So the comparative riskiness of vanilla and bdsm sex is one issue in why the standard of consent is higher for bdsm than for other kinds of sex. But it can’t be the only issue. 

Bdsm and vanilla consent #2

So … in vanilla sex you can do something like push a woman’s skirt out of the way, or slip your hand between her thighs, based solely on the fact that she’s been looking at you, closely, for longer than half an hour.

Well, eye contact plus you’ve been agreeing with each other through that time (“I hate people who ironically pretend to like Glee”, “oh god yes, it’s still boring as a dog’s arse even after you’ve put quote marks around it”), about stuff you’d think was incredibly inane if it werent for all the eye contact. Or having fun disagreeing, with lots of animation and preening and all the rest of it. 

So, eye contact and preening is accepted as consent for actions that, if you guess wrong, would be a serious sexual assault. I’m cool with this, by the way. I’m just pointing it out. 

But in bdsm the rules on consent are much more rigorous. I felt great about sliding Diane’s skirt up for her, but I’d felt bad about asking for consent to reward and punish her after she was already turned on, because that conversation should have been held between two calm people.

So there’s a double standard. For vanilla sex, consent doesn’t have to be explicitly spoken, and for bdsm, mere explicitly spoken consent isn’t enough. There are also rules about how and when you should go about getting that consent.

I’m working for money today, so I’ll have to think about this tomorrow.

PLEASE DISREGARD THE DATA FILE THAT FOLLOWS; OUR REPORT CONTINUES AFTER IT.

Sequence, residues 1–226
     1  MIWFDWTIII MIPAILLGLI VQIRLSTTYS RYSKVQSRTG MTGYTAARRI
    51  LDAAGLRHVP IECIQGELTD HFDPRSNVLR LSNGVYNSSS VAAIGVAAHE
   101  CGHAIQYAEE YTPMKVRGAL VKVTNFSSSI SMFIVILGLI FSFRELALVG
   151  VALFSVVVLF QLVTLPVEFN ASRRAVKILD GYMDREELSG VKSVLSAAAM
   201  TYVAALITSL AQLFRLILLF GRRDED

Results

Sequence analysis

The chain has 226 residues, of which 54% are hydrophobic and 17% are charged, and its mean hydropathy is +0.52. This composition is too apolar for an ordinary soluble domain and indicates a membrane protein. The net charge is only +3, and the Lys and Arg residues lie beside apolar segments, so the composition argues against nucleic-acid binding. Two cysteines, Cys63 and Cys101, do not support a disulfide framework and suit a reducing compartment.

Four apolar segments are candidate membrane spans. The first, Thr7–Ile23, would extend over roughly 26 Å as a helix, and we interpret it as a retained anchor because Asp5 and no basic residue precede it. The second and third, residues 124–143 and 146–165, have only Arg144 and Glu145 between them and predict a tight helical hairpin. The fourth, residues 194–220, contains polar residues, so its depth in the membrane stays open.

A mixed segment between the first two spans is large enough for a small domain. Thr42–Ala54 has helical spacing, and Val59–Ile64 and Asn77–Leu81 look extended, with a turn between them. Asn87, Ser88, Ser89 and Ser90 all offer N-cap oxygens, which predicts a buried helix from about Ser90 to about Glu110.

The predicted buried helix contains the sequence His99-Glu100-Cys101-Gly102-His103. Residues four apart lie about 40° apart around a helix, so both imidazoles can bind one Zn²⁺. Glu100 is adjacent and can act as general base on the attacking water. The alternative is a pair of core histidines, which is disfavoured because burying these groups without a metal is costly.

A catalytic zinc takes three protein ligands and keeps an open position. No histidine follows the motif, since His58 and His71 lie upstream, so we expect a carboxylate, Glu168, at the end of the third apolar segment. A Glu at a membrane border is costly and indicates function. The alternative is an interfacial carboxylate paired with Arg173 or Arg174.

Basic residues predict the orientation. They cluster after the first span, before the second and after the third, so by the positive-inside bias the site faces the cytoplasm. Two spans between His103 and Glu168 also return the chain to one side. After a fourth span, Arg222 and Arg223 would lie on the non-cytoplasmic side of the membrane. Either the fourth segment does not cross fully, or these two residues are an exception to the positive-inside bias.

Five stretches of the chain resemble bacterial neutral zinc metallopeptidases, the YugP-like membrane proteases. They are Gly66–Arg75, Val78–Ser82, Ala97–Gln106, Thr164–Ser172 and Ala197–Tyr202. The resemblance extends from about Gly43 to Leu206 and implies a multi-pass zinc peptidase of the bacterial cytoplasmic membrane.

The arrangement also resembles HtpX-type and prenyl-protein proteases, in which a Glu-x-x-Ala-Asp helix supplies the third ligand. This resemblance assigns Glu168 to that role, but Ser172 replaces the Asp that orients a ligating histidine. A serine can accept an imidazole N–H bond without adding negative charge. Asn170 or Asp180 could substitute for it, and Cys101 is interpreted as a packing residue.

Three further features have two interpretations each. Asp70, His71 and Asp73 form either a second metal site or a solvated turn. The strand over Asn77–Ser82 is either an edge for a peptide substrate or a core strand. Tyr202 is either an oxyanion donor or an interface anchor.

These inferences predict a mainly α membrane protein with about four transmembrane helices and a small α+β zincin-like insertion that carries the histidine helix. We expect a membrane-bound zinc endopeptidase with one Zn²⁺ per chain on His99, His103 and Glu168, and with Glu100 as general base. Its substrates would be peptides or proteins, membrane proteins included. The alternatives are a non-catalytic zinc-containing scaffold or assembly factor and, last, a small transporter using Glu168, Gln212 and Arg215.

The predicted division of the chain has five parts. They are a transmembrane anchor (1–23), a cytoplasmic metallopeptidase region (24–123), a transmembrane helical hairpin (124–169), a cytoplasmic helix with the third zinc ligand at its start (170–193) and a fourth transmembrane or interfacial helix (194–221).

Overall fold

Vanilla and bdsm consent #1

Back at the start of the Vampire girl saga (Vampire Girl #1, obviously), I mentioned how, only an hour or so after Diane and I had met for the first time, I’d slid her skirt up to her waist – on the left side, anyway – in a bar.

I didn’t ask her for permission, because if you slide a woman’s skirt up to a socially risky extent then it’s sexy if she likes it but creepy if she doesn’t. But asking first is never sexy. I decided it was worth the risk.  

Turned out that Diane thought it was hot, and I still think, looking back, that it was a cool thing to do. Which is good. If I join together all the time in my life during which I’ve clearly and unequivocally been cool, it probably adds up to about half an hour.  

II did it because by then I was pretty sure we were going to fuck, though we’d only just met. It felt like time to make a move, and I thought Diane’d like a direct one.

If I’d guessed wrong Diane would have called me a dickhead, and tugged her skirt back down while giving me the look you’d give a fried egg with a cigarette butt in it.

And told me to calm the fuck down: jeez. And finished her drink and left. Diane had a good line in withering contempt, and she relied on that to put down most male bad behaviour. It would have worked on me. No matter how many years passed, I’d still be making a sob-of-embarrassment noise any time I suddenly found myself remembering it. If it had failed. 

But pushing her skirt up worked, so therefore it was cool. Because it was a vanilla sex thing and not a bdsm sex thing, it was okay to do it without getting consent first. You find out if you’ve got consent by doing it and seeing if you get knocked back.

But you’d never take that approach in bdsm. It’s interesting, isn’t it?